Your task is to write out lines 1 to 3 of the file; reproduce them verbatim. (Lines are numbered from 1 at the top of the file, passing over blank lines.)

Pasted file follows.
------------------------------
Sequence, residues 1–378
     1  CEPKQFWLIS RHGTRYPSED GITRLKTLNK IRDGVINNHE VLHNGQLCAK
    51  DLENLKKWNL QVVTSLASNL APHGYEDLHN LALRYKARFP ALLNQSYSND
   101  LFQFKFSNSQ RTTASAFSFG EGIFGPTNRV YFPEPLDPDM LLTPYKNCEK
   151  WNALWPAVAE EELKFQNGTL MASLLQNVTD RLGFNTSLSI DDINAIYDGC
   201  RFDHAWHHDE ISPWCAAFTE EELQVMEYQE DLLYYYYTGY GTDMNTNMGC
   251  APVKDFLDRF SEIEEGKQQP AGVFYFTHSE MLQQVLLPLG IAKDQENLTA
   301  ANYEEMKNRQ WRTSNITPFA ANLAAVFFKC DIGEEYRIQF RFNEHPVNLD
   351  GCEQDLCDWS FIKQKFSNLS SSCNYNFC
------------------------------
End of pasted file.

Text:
Sequence, residues 1–378
     1  CEPKQFWLIS RHGTRYPSED GITRLKTLNK IRDGVINNHE VLHNGQLCAK
    51  DLENLKKWNL QVVTSLASNL APHGYEDLHN LALRYKARFP ALLNQSYSND